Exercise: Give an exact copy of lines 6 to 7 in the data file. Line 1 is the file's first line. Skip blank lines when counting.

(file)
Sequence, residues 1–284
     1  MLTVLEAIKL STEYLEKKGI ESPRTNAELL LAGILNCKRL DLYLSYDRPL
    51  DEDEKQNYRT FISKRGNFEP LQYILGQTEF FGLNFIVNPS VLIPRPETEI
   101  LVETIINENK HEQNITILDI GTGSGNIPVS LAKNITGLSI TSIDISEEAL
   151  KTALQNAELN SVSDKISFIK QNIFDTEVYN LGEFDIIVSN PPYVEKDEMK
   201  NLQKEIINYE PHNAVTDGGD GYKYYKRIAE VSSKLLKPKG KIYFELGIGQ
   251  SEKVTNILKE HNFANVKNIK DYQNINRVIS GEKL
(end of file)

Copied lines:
   201  NLQKEIINYE PHNAVTDGGD GYKYYKRIAE VSSKLLKPKG KIYFELGIGQ
   251  SEKVTNILKE HNFANVKNIK DYQNINRVIS GEKL